An NLD Day

So my first problem was some trouble estimating time in the morning, but I managed to leave home with enough time to reach school.

However, I don’t drive. On my walk to the bus stop, I saw three buses go by, so knew I’d have to wait up to 20 minutes for the next one. Where I live they expect everyone to drive, so the public transportation is second rate.

When the bus finally got there, I realized I’d grabbed the wrong set of keys, so didn’t have my bus pass on me. So I didn’t have correct change, and they don’t provide change. Thus, I had to pay twice the fare, and lost money, but had no choice.

Because I didn’t have much money on me, I kept looking around for spare change. I was 50 cents short. I made the goal of asking my classmates for a few coins.

Unfortunately, no one seemed to want to have a conversation with me. Everyone talked with each other, but not me. I couldn’t find a way in.

During the class, I found myself answering some of the questions, but once the words were out, I realized my comments missed the point by a small but noticeable margin. The same thing happened as I attempted to do a group assignment.

Also, my thoughts were totally out of sync with my comments. Anyone else in the class would’ve been comfortable enough to borrow the money, but because no one there takes much interest in me, I didn’t feel like I could ask them. And I felt stupid for forgetting my bus pass and correct change. I also felt, correctly, that most people wouldn’t understand being completely limited to bus transportation. Nor did I wish to make people aware that I can’t drive, in which case I would have felt inept for yet another reason.

I reminded myself it’s not my fault I have visual-spatial problems, but was only half-consoled from realizing this truth.

I ended up walking home, which took an hour, but at least I was wearing tennis shoes and not carrying much. I felt stupid, powerless, and like I was NLD turned inside out.

Another NLD sign: I was making a big deal out of a small problem, but I feel we have no choice sometimes; our visual-spatial problems–which again are NOT our fault–are so overwhelming, and too often no one reaches out in helpful (i.e., not insulting and respectful) ways to comfort us.

People aren’t very forgiving of our challenges, which causes chronic emotional pain. I see people’s uncertainty when I say something that’s unintentionally gaffe-ish, and then I don’t know how to backpedal, and I shut up. I can’t find a way back in to the conversation.

So my thoughts go out to every person with NLD (or similar LDs) who has been in similar situations. Hang in there.


3 Responses to “An NLD Day”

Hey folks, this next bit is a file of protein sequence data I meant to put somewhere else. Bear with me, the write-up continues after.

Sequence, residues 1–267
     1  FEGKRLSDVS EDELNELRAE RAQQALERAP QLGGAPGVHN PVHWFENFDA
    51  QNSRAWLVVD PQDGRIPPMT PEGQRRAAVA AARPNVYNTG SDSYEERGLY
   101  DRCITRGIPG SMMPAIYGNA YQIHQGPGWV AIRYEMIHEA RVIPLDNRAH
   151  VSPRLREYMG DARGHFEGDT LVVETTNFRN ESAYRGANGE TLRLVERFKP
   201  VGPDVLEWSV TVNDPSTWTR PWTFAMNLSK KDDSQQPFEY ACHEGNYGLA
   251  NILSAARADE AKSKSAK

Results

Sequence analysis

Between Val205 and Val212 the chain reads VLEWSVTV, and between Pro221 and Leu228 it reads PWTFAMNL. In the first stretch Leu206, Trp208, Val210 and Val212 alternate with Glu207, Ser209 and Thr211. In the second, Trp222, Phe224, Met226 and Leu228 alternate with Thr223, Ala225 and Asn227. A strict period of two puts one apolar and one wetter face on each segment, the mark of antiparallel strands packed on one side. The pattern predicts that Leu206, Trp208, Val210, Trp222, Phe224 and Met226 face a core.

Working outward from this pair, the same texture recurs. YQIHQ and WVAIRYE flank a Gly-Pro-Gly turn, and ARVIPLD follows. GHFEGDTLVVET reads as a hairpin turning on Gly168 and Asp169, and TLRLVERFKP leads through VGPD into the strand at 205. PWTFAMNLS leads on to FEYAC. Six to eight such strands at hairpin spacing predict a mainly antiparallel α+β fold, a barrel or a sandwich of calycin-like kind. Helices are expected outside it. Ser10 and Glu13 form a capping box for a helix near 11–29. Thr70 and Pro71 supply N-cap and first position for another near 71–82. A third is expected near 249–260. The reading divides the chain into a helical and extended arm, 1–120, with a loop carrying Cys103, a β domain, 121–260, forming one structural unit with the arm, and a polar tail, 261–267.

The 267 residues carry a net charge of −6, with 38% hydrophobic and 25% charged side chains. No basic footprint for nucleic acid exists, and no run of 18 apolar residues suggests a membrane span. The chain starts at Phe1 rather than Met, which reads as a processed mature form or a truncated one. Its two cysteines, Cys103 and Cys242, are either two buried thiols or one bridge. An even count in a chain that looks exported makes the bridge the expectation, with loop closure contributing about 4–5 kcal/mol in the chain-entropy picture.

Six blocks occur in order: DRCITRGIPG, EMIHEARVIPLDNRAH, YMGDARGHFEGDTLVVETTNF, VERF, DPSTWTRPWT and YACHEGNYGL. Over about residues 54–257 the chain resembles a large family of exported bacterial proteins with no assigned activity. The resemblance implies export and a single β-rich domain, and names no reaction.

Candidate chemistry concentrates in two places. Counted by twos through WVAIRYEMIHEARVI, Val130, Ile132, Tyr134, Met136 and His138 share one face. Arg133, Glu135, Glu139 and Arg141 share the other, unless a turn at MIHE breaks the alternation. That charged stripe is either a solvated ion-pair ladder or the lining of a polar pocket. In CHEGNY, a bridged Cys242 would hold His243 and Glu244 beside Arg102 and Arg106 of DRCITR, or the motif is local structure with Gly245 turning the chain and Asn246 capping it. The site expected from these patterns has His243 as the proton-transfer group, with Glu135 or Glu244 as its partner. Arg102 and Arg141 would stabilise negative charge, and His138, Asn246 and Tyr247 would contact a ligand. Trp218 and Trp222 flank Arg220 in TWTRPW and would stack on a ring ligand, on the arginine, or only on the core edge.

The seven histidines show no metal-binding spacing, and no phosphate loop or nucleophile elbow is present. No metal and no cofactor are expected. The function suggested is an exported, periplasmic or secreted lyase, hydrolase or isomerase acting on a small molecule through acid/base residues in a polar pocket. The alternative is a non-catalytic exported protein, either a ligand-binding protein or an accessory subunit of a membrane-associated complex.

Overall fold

1. Renee Says:

    Hannahcamile; I am a 33 year old student with ADHD, & freshly diagnosed NLD. I feel your pain or should I say daily adaptation & exceptance of your NLD. It’s frustrating when people don’t get you. I wish my parents had looked into this when I was younger, but I’ve learned to laugh.:) I’m going to keep reading your posts.

    • hannahcamille Says:

      Cool, thanks. Sorry your diagnosis was so, so late, but glad you have a good sense of humor.

    • Clementine Says:


      I am 30 and not diagnosed, but I exhibited many classic symptoms of NLD throughout my life including poor handwriting, difficulties tying my shoelaces, visual-spatial confusion, poor sense of direction, misunderstanding jokes, being too literal, etc. I’m always “losing” things that I didn’t see right in front of me and struggle with organization.

      How did you obtain your diagnosis? Did you seek out a psychologist who specialized in NLD? Or were you referred for LD testing that included NLD. Was there a certain measure or scale used for your diagnosis?

      When I was in grad school, I saw psychologist and mentioned the possibility of NLD to her. She referred me to her husband (also a psychologist), but he did not specialize in NLD so I was never diagnosed. The cost of LD testing was too high for me while on student loans. I sought help from the Student Disabilities Services office when I was struggling with a quantitative course and was told that since it was an Ivy League school they don’t provide math tutoring support because most of their student body scores high in quantitative reasoning. I was recommended to pay out-of-pocket for a private tutor which I could not afford.

      So I have tried twice now to get help and am in a troubling work environment where I feel I am being discriminated against due to my different learning and communication styles. I am worried about job security and feel a diagnosis may help in explaining my situation whether I continue working there (in the hopes that a forthcoming strategic planning process catalyzes some change), land a new job (I’m in the application process), am terminated (my employment contract states that they have the right to fire me at will), or the funding stream for my salary ends if the corporation does not survive its recent audit (there are other potential problems internally in the business). If you have any advice as a recently diagnosed adult with NLD, please reply! I have a new great primary care doctor who I am going to ask for advice as well.

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